Love in the summer stock wings
A newly published book by a young Madeleine L'Engle.
Who doesn’t dream of just one more book by their favorite author – a sequel to “Stuart Little” buried in E.B. White’s Maine barn, say, or news that Harper Lee has been sitting on a follow-up to “To Kill a Mockingbird” all these years? So a new novel by Newbery Award-winner Madeleine L’Engle is, by definition, cause for rejoicing.Skip to next paragraph
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A few caveats, though: The Joys of Love (Farrar, Straus, and Giroux; 272 pp.; $16.95) actually isn’t L’Engle’s last book – it was written in the 1940s, well before “A Wrinkle in Time” catapulted her to classic children’s literature status. Her agent didn’t want to take the book on, so L’Engle later gave the manuscript to her granddaughters to enjoy. The book reads more like a period piece than a young adult novel – full of trips to the Automat, dirndl skirts, and endearing postwar slang. Readers will appreciate it most if they approach it like a newly discovered artifact rather than a work by a mature writer.
The plot is simple: A 20-year-old orphan wins a scholarship to a summer theater. The work is unrelenting drudgery, the manager is a notorious tightwad, and apprentices aren’t allowed to watch the professionals rehearse, but Elizabeth couldn’t be happier. Her cup runneth over when a young director starts paying attention to her. (It’s immediately clear to readers that Kurt is just using her, if only by the condescending way he calls her “liebchen”; Elizabeth, bless her, is a little slower on the uptake.) Meanwhile, the tall assistant stage manager is waiting patiently in the wings for his turn as her leading man. Then, Elizabeth’s magical summer is cut short by her Aunt Harriet, who’s convinced the troupe is a hotbed of iniquity (which, hey, it probably is) and announces she’s cutting off her funds for room and board.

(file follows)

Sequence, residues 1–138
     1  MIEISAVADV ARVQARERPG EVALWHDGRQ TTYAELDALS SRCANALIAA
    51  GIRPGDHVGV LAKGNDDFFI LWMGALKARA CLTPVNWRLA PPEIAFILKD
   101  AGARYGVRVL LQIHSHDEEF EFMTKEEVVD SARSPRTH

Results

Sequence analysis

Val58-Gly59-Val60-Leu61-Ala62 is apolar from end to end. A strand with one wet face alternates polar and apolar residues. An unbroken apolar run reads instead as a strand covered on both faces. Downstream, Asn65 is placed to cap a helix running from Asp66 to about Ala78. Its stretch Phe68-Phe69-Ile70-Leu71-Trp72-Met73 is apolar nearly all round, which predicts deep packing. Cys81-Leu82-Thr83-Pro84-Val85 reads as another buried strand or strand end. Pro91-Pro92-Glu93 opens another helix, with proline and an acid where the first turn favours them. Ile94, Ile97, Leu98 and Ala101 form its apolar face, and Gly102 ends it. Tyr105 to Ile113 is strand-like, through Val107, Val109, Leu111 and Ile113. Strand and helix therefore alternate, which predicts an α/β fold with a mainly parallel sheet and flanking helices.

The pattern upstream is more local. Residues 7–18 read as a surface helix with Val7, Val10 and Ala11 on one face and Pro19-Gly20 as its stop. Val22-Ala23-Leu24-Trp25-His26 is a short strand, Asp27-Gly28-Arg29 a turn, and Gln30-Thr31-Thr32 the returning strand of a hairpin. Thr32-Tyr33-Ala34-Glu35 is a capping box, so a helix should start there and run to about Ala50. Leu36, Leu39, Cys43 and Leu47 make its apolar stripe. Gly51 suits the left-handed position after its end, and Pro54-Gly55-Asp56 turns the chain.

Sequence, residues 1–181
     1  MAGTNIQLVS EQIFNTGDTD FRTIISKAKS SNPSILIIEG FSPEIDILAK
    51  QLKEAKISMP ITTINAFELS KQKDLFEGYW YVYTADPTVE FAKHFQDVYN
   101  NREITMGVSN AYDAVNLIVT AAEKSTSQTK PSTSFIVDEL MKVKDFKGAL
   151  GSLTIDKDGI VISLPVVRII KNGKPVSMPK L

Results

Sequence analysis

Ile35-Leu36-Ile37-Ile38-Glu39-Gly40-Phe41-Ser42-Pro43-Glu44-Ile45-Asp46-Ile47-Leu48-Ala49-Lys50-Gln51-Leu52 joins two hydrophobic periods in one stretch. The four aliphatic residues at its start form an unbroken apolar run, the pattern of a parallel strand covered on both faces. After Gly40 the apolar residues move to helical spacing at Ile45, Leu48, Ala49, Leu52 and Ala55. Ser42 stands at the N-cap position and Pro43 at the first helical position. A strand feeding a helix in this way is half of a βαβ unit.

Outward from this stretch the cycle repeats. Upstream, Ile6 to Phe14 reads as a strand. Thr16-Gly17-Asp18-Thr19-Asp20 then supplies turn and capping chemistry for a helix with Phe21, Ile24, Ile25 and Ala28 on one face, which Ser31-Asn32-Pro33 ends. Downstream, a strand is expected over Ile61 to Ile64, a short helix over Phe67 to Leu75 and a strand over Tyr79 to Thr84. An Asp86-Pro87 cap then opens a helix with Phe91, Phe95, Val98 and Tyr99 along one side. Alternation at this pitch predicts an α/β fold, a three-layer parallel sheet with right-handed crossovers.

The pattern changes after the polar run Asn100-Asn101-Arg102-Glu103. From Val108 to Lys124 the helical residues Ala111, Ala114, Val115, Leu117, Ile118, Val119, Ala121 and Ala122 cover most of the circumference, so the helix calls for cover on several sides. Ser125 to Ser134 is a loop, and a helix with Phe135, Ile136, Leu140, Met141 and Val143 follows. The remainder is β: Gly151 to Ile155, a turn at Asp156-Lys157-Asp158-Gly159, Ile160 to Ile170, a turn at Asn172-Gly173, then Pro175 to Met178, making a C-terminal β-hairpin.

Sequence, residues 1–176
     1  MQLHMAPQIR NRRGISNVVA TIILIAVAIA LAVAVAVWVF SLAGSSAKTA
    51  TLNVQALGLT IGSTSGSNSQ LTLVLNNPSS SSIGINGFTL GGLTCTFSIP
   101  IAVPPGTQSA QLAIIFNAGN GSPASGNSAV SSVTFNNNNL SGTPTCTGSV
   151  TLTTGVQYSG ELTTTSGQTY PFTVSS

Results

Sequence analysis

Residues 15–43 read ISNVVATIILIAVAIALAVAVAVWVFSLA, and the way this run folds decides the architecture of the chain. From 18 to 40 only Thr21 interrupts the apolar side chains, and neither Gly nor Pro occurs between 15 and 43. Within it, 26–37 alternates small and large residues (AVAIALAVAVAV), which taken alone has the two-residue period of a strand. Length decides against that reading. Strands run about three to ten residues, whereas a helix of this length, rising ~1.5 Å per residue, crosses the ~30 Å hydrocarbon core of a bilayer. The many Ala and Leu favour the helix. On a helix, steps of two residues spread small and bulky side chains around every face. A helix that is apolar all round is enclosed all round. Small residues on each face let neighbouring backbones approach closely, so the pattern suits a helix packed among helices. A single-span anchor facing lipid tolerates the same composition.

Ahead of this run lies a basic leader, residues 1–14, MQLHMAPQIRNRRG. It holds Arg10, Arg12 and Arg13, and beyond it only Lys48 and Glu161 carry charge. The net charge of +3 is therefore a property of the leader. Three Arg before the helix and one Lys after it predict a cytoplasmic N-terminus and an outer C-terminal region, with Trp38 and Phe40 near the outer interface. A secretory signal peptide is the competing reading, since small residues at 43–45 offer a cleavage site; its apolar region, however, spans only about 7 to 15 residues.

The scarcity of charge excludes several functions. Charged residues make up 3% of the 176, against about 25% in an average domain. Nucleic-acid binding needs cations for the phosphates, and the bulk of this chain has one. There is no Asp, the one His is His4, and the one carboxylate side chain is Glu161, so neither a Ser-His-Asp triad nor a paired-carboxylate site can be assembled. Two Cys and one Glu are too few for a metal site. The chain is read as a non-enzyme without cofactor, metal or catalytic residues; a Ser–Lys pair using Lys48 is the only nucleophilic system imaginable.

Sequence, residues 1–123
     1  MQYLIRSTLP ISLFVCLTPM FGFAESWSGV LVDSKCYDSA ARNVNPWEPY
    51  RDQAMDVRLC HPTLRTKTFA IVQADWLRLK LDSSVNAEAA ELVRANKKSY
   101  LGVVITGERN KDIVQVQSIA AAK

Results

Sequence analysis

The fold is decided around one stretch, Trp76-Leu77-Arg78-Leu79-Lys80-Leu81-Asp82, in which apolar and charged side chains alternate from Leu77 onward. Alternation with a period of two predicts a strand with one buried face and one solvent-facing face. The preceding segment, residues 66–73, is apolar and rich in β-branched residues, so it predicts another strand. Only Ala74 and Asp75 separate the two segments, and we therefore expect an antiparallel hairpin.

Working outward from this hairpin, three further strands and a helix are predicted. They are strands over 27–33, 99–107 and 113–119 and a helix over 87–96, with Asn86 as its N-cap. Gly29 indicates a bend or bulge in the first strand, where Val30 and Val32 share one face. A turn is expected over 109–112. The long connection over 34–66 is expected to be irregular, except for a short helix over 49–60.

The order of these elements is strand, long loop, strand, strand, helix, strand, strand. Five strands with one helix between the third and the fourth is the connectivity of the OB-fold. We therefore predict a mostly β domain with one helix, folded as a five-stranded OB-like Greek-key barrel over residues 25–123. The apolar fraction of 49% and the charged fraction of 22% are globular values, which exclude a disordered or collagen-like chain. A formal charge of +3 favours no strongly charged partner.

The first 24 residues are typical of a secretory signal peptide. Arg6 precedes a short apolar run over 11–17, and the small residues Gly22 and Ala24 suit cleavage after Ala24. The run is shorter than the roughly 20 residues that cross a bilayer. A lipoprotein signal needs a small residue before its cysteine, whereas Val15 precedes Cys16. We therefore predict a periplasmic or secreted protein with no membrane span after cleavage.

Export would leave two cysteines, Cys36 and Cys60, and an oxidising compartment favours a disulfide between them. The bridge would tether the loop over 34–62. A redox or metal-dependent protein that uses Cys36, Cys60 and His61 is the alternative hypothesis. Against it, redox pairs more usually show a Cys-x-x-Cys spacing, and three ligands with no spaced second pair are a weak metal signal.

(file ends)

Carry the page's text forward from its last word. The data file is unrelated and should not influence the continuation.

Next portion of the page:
There’s a foreword by one of L’Engle’s granddaughters detailing the ways in which the “The Joys of Love” draws on L’Engle’s own life, which will be of great interest to fans. Younger readers probably will need some explanation of 1940s mores to understand why Elizabeth’s Aunt Harriet is so upset by the easy mixing between the sexes at the summer theater camp. The writing is intensely sincere – there’s none of Meg Murry’s angry awkwardness, no questions of science or theology, and everything is neatly tidied up by the end of a long weekend. Don’t start a young reader here – definitely hand them “A Wrinkle in Time” or “Meet the Austins” first. But a theater-loving teen might just get a kick out of Elizabeth’s old-fashioned adventures.
In fact, that’s who will probably most appreciate “The Joys of Love” – along with grad students doing theses on L’Engle’s work and ardent fans, grateful for a last chance to dip into something new by the author.
Yvonne Zipp regularly reviews fiction for the Monitor.